In the section Purpose of Art, under “Motivated Function of Art,” video games are specifically mentioned;
“Art as Entertainment. Art may seek to bring about a particular emotion or mood, for the purpose of relaxing or entertaining the viewer. This is often the function of the art industries of Motion Pictures and Video Games.”
“The functions of art described above are not mutually exclusive, as many of them may overlap. For example, art for the purpose of entertainment may also seek to sell a product, i.e. the movie or video game.”
This suggests that video games could be considered 'applied art' but not 'fine art' under the definition of these terms given earlier in the article. Video games are mentioned again under Classification Disputes. It is noted that there has been a dispute about whether or not video games are art, and also that these classification debates usually have more to do with the cultural value of a work or medium (or rather, what it's value is perceived to be by the critics and connoisseurs of a time) than any definition of art. An example cited is;
“. . .when the Daily Mail criticized Hirst's and Emin’s work by arguing "For 1,000 years art has been one of our great civilising forces. Today, pickled sheep and soiled beds threaten to make barbarians of us all" they are not advancing a definition or theory about art, but questioning the value of Hirst’s and Emin’s work.”
This suggests that those who consider video games not to be art are often suggesting that video games have little or no cultural value, not that they are contrary to a certain definition of art. This indicates that the value of a piece is central to their understanding of what art is.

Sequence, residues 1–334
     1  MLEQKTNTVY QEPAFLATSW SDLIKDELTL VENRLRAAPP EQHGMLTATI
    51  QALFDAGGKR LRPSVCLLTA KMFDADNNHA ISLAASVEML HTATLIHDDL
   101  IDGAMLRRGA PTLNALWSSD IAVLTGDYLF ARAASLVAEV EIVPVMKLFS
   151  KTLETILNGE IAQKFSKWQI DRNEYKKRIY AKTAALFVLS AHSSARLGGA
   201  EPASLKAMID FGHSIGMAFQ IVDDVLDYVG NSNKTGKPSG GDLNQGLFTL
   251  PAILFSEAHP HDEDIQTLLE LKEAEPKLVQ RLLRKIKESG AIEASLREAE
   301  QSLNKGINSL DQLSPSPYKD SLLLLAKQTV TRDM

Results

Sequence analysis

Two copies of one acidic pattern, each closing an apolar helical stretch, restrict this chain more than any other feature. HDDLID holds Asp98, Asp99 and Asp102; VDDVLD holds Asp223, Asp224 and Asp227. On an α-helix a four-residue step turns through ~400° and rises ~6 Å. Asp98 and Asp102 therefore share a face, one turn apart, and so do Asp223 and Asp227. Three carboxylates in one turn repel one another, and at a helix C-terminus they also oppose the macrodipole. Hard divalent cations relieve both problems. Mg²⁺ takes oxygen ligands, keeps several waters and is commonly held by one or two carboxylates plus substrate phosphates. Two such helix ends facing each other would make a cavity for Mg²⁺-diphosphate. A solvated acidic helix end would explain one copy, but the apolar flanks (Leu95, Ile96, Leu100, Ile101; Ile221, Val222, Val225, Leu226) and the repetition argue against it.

Towards its end, the article suggests some characteristics that art may possess (although it notes that art is difficult to classify). Specifically, it “tends to facilitate intuitive rather than rational understanding, and is usually consciously created with this intention. Fine art intentionally serves no other purpose.” Secondly, it is put forth that 'art' suggests a high level of skill or mastery of its medium. Thirdly, a piece of art generally needs to be judged to be of some cultural or social value/significance. What makes a piece valuable could be its aesthetic appeal, or its reflection of some element of the social, moral, political or cultural world in which it was created or was created about in a manner which is thought-provoking. Finally, the artist generally seeks to communicate something with their audience, be it a feeling or emotion, or a political or moral message, or any of a number of other things.
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1 Handbook of Art, 7.